"There is also general inflation and wages are stagnant, making it harder for parents right after Christmas and the holidays."

Finance expert Joel Gibson. Picture: Tim Hunter.
Finance expert Joel Gibson. Picture: Tim Hunter.

Mr Gibson said there are simple ways to save money by planning ahead.

"Create expectations in advance with your kids so they know what they can get and what the rules are, and don't take them along to the shops," he said.

"Go online before hitting the shops and negotiate what items your child can have and stick to the list."

He also suggested parents shop around and not just accept a school's price list if possible.

"Convenience costs money and there are cheaper options," he said.

Mr Gibson also said parents should embrace the idea of 'Before Pay', instead of Buy Now pay later schemes like Afterpay.

"Get a jar, put $10 a week into it and don't touch it before January so it can help you get ahead when you need it for these costs, you'll have $520 right there," he said.

Eleni Vogt with her children Sakura Davis, 11, and Saffron Davis, 9. Picture: Peter Wallis
Eleni Vogt with her children Sakura Davis, 11, and Saffron Davis, 9. Picture: Peter Wallis


 

'I'M DILIGENT BUT I WANT THEM TO BE INDIVIDUALS'

Mother-of-two Eleni Vogt, from Hemmant, does her homework when doing back to school items for her daughters Sakura 11, and Saffron Davis, 9.

She told News Corp she gets uniforms handed down for her eldest daughter from a girlfriend whose daughter is a year ahead of her.

She buys second-hand dresses for her youngest at the school uniform shop for about $10-$15 which can be up to $50 normally.

"I'm diligent with my kids, we put everything in a tub and see what we can re-use, and if we can make savings there, we will," she said.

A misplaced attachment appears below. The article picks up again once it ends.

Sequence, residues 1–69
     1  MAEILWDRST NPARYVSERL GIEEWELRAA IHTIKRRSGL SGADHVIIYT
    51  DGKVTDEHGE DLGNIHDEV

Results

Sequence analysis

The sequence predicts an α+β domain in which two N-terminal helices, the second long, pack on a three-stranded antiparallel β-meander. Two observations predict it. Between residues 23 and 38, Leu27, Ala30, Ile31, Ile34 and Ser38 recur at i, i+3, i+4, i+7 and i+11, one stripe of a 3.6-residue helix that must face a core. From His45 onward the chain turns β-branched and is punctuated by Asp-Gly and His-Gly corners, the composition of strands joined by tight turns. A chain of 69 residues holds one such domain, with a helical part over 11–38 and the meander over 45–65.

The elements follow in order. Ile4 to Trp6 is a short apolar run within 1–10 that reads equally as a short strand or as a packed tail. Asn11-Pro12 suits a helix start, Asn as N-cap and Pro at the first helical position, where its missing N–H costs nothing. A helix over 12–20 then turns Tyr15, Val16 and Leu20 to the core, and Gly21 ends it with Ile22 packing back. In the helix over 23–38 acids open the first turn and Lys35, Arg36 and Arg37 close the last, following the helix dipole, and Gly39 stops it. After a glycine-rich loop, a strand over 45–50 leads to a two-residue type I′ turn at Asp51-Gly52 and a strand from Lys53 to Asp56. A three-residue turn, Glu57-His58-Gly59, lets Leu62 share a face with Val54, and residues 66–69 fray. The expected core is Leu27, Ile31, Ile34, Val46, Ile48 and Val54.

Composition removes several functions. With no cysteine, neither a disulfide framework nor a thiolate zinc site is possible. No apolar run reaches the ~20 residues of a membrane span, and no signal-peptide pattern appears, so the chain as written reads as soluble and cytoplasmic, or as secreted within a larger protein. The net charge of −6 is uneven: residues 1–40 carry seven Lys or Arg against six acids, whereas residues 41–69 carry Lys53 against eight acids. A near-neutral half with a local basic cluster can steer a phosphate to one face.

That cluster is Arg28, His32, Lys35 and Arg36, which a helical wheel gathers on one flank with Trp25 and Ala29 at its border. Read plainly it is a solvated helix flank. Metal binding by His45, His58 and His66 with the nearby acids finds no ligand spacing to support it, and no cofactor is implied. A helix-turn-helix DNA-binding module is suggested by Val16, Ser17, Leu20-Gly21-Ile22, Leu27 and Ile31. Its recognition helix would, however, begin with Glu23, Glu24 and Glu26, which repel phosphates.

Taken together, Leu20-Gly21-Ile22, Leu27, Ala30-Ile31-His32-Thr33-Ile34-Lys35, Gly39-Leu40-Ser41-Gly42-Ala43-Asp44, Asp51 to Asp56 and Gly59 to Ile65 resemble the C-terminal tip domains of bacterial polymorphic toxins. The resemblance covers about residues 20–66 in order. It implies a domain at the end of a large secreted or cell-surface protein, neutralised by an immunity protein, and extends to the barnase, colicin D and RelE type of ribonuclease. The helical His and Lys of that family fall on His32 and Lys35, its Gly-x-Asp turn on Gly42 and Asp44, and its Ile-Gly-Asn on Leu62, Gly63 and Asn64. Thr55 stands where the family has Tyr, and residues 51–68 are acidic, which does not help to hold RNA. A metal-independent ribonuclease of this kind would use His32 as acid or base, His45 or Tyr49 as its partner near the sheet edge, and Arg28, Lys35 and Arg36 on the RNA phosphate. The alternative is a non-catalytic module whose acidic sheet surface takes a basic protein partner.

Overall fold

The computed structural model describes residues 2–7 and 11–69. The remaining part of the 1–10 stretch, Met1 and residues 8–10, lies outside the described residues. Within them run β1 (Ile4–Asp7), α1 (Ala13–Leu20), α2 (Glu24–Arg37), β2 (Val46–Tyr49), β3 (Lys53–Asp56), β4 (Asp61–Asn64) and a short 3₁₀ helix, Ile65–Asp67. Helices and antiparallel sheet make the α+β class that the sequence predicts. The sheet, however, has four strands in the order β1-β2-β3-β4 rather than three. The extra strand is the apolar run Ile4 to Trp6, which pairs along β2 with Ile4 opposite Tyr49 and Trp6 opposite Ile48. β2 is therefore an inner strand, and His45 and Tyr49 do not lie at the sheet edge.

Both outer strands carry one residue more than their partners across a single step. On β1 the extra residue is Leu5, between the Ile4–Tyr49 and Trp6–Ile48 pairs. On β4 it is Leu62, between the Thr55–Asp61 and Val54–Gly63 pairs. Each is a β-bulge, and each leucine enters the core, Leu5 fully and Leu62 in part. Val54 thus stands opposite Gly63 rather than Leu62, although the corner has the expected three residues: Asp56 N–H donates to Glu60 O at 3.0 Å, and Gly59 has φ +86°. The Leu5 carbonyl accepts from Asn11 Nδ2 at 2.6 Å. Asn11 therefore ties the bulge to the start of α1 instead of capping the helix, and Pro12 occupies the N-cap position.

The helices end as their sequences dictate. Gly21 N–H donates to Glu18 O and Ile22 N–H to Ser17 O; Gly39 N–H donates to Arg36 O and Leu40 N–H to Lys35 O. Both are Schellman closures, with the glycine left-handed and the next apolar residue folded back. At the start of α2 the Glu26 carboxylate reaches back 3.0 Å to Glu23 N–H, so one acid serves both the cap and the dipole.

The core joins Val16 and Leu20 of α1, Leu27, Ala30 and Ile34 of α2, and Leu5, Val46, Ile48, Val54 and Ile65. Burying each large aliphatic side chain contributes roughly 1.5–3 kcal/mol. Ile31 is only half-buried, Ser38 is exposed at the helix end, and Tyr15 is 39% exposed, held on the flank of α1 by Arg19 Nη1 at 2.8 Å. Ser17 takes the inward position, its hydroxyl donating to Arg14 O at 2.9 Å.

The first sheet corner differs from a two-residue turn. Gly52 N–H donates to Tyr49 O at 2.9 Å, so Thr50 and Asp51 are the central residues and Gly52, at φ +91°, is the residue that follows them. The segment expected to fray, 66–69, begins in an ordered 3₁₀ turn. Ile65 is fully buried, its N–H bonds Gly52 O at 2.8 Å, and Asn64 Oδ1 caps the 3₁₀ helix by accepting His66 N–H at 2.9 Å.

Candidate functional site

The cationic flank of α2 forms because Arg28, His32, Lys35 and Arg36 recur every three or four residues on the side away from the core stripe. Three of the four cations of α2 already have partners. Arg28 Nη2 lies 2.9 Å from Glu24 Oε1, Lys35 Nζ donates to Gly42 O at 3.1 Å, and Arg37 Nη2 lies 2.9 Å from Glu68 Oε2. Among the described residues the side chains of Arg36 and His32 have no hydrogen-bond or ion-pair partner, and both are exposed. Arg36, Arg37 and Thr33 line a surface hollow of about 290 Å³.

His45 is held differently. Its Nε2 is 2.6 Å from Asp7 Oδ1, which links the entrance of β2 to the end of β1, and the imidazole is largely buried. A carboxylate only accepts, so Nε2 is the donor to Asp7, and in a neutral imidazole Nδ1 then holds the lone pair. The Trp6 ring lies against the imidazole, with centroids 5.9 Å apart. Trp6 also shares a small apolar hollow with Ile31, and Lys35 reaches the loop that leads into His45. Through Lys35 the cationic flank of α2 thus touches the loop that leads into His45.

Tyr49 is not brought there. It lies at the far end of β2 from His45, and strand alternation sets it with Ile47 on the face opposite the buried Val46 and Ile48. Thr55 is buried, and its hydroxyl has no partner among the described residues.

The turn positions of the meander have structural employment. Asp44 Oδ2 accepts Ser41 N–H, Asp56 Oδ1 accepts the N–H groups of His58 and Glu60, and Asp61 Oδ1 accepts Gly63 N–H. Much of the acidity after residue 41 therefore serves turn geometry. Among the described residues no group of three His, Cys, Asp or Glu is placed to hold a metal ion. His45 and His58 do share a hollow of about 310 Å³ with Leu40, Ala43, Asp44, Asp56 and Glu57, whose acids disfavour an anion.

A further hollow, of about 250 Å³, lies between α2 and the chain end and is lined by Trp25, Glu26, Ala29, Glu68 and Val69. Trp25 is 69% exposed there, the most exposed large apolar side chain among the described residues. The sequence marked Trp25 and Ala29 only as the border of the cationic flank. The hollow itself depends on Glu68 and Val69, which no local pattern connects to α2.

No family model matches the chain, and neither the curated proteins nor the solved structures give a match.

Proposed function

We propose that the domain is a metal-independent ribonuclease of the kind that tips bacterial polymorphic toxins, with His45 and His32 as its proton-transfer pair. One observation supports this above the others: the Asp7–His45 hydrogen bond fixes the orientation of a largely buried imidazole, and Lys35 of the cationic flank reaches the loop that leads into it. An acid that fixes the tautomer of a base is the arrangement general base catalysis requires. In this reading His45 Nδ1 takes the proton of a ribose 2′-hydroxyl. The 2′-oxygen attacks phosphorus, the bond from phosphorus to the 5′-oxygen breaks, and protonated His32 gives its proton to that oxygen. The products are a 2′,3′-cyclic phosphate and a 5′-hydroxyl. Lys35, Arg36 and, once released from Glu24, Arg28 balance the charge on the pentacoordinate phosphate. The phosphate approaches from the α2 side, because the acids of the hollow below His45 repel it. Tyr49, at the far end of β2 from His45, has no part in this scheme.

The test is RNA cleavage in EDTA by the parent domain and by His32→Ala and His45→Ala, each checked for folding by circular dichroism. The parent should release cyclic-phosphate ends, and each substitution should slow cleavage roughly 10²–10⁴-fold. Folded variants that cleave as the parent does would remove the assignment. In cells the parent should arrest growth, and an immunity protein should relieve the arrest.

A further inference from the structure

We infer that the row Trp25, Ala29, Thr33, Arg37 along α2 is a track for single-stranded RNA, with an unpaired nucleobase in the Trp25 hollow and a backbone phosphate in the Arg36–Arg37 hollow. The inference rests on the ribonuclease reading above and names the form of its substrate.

Ms Vogt said shoes were harder to buy, as they get "trashed" by term 2, no matter what brand you buy.

"My youngest likes to wear Mary Janes and they're about $20-$30 and my oldest likes black joggers and I usually buy a brand that lasts like Asics for around $80," she said.

Eleni Vogt’s children Sakura Davis, 11, and Saffron Davis, 9. Picture: Peter Wallis
Eleni Vogt’s children Sakura Davis, 11, and Saffron Davis, 9. Picture: Peter Wallis

 

She told News Corp she does a lot of online research before going to buy stationery and lunch boxes. She discusses which ones her daughters want before she shops alone for them.

"You can't buy cheap pencil cases, they like to have Smiggle, or other things that are fun, and I always get them a fresh water bottle and lunch box every year," she said.

"I usually go to Kmart, Big W or Typo. I've probably spent $160 for both of them for this."

While she doesn't put money away regularly for these items, she said she is very strict with her shopping list and tells her daughters they can only pick one item.

"I want them to be individuals and they can put a bit of their personality into their accessories they have in their pencil case," she said.

"It's not a big drama when we go to buy these items … they go to the toy section and I go pick everything up and then we get on with the rest of our day," she said.